(Mirror) As the global movements for sexual and gender equality have intensified over the last 50 years, queer storytellers continue to hold an integral role. Queer stories connect us, and they can convey what queer utopian ideals look like in action. Storytellers help us remember what is at stake.
Earlier this year, moderator Dylan Barallobre convened a panel of queer writers at the Books & Books in Suniland to discuss what it’s like to be a queer author in South Florida in 2018. Christopher Alonso, Cathleen Chambless, JV Portela, and Freesia McKee shared lessons from their journeys in writing and publishing. Some of these responses are included below.
What has your experience been like writing and publishing as a queer author?
Christopher Alonso:Writing as a queer person has forced me to become hyperaware of how I read and engage with my own work and that of others. While in an MFA program, I was nervous to share my work as most of it dealt with queer characters and themes. As the only out queer person that I knew of in the workshop, I was afraid that my fiction would be critiqued differently than that of others. That wasn’t the case, except for one isolated incident. As a Cuban-American, I also write about Latinx people, all of them queer, so Spanglish dialogue and narration often made others uncomfortable and “pulled them out of the story.” However, after finally selling my first professional story, the editors of the magazine never once batted an eye at the queer characters or Spanglish. I realized that people are hungry for stories where they might see themselves reflected, stories that paint their world the way they see and live it. I think that’s the beauty of many online short fiction publications, and I can only hope this trend continues for others as it has for me.
What kind of feedback have you gotten regarding you and your work?
JV Portela:The heart of the suffering inherent to my poetic practice has been confusion about whether to write in Spanish, my native language, or English, my adopted language. If I choose English, there’s a stop/start process. I spend time thinking, “What’s that word in English?” when it’s coming to me only in Spanish. When I’m writing a poem in both, I don’t have to make those kinds of choices. The process is lubricated, to put it in queer terms.
Eventually, I resolved to write in both languages at once. I started sharing these poems because I was excited at the ease and the drive of moving between both. My mother’s rejection of these poems has more to do with migrant shame and fear of not understanding, but a lot of my peers, especially peers who did not speak Spanish, would share feedback like, “That part of your poem is alienating. I can’t connect. It seems like you don’t want me to understand.”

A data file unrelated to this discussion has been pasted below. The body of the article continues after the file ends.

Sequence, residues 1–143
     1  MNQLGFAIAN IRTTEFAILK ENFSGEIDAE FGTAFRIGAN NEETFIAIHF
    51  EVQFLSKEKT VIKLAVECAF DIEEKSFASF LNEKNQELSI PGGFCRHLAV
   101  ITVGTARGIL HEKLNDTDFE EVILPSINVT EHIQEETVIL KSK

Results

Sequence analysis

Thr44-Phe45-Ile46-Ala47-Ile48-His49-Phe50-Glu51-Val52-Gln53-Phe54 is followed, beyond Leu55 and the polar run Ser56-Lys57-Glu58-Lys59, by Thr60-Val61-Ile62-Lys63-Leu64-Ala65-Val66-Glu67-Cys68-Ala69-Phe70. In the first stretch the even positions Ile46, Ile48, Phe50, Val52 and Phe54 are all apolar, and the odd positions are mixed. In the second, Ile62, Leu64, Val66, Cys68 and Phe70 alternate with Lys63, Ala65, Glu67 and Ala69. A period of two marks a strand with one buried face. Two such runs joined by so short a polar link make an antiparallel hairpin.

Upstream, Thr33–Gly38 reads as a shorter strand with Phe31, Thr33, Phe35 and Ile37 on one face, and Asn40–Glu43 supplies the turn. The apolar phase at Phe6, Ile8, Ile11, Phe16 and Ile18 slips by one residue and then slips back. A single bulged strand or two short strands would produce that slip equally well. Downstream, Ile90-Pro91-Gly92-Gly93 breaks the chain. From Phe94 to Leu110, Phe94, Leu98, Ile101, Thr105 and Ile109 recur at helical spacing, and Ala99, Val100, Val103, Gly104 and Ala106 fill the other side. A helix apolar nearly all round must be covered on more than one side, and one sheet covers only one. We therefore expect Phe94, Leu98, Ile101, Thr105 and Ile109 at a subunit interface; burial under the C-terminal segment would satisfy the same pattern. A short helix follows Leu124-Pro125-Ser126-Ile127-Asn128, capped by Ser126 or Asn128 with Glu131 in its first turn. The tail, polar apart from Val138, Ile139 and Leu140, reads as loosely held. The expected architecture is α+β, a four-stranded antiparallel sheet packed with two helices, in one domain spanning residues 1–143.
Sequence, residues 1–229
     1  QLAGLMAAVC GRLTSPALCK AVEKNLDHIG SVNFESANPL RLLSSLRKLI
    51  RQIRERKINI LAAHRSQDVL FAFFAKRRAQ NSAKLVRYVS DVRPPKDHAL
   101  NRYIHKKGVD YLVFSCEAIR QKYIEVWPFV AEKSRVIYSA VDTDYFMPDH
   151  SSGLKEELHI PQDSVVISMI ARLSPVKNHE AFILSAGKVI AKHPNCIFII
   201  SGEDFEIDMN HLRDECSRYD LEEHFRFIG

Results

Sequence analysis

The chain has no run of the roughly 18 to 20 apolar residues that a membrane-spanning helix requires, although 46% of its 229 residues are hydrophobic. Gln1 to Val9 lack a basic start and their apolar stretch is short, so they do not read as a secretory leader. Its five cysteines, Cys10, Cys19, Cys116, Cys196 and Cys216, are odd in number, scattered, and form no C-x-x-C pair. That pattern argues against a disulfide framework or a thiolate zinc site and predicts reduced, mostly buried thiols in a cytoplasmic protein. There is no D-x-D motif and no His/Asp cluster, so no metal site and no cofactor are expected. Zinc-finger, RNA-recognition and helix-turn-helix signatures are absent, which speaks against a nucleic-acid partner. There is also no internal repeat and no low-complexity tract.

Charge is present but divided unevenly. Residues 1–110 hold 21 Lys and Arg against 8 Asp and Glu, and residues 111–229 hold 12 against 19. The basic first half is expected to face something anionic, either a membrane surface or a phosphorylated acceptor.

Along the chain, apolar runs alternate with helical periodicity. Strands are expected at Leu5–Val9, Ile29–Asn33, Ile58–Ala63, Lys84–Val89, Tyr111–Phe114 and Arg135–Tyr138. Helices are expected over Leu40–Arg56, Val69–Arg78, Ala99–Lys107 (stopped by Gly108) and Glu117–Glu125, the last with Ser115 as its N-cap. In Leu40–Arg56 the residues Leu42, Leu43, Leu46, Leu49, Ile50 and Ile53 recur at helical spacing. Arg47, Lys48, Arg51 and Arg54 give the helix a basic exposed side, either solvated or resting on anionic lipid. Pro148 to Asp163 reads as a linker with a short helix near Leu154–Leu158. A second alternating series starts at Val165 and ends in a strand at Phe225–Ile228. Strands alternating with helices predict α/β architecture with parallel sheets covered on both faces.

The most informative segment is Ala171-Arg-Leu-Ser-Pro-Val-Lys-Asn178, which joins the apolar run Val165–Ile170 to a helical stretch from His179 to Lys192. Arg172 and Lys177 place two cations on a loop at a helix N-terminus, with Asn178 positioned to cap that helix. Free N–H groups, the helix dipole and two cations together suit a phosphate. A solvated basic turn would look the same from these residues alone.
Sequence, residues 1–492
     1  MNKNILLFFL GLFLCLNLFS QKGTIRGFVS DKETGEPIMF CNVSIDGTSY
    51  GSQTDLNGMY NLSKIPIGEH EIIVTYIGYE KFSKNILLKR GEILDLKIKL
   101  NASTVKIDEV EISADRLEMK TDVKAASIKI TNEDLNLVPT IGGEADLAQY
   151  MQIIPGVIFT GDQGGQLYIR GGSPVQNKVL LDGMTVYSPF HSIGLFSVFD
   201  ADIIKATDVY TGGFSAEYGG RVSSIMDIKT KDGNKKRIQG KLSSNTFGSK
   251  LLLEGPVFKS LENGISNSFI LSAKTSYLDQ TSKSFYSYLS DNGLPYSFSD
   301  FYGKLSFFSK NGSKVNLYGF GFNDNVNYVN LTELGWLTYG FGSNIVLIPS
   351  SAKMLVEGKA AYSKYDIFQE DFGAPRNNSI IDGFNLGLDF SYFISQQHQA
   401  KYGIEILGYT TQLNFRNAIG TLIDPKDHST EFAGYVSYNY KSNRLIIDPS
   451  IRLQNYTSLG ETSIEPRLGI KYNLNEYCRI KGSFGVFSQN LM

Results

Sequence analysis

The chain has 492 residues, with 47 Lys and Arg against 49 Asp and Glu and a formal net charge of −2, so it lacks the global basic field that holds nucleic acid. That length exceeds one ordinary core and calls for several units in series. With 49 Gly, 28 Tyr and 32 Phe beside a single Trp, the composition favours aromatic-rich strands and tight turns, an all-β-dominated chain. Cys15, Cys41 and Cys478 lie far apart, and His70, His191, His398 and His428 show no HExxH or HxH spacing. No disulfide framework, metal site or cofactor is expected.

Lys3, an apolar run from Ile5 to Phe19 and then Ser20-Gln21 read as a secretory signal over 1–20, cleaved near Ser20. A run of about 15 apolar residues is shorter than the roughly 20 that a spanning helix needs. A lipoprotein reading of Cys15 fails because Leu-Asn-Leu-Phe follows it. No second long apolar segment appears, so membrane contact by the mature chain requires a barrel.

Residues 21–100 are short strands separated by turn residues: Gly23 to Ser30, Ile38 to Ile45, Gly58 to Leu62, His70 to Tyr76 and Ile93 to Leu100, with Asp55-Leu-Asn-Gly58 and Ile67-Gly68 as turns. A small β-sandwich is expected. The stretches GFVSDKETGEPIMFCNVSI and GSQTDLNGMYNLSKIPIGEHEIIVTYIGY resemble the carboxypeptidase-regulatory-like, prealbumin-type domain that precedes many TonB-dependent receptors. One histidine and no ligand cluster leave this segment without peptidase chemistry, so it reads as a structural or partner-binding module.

It’s ironic, considering that poems are not about being understood. You’re not picking up a phone to tell somebody something. My poems are centered on my experience. They are coming out of a personal language. The idea that I would be trying to entertain anything other than confusing someone was already funny, but also, my peers were replicating the colonial logic of English’s primacy. It’s not just a rejection of Spanish. It’s a rejection of poetry, which is a rejection of difference. They’re saying, “I’m uncomfortable with being uncomfortable. I’m uncomfortable with not understanding.” That, to me, sounds like being uncomfortable with poetry.
Who was your first LGBT literary inspiration?
Cathleen Chambless:My first LGBT literary inspiration was Michelle Tea. Her novel “Valencia” specifically inspired me. She wrote about being a young queer punk growing up in the Castro in the 90s. She was completely unapologetic in the way she wrote, so unapologetically queer. Michelle Tea gave me the permission I [needed] to write the way I wanted to, and still want to.
How, in your opinion, has LGBT literature evolved in your lifetime?
Freesia McKee: In society at large, there are more allies than there were 15 or 20 years ago, but I think that many of these allies are still reluctant to read queer authors. The types of queer narratives that enjoy more attention these days tend to remain limited. Sarah Schulman recently made the point in her Publishing Triangle Award speechthat there is little correlation between quality and reward. This is important to remember as we think about how queer lit will evolve in the future and as we make decisions as readers about what books to pick up. There’s also the question of who has the time and space to write stories in the first place, and who must devote all or most of their time and energy to surviving day-to-day. We need to face the fact that queer lit simply does not yet contain a full range of experiences, which is exacerbated by bias and gatekeeping in the business of publishing. This is why it’s important for writers to also be activists. I think that in some ways, the survival of our society depends on it.
What advice would you give to young, aspiring writers?
Cathleen Chambless: Write fearlessly. If anyone tries to stifle your voice, telling you to "tone it down," flat-out refuse. It's not your job to make your narrative "appropriate" for a mainstream/heteronormative audience. So many other queer folks are waiting to hear your voice. You never know who you will inspire, or what movement you can start just by unapologetically expressing yourself. Also, workshop with fellow queer writers. They will immediately understand what you are trying to express, and they will help you take your work to new levels because of this unique understanding. Community is everything, really. It's important for queer artists to support each other and get to know each other, even across artistic genres. I have done some really excellent collaborations this way, just by mixing genres with other queer artists.
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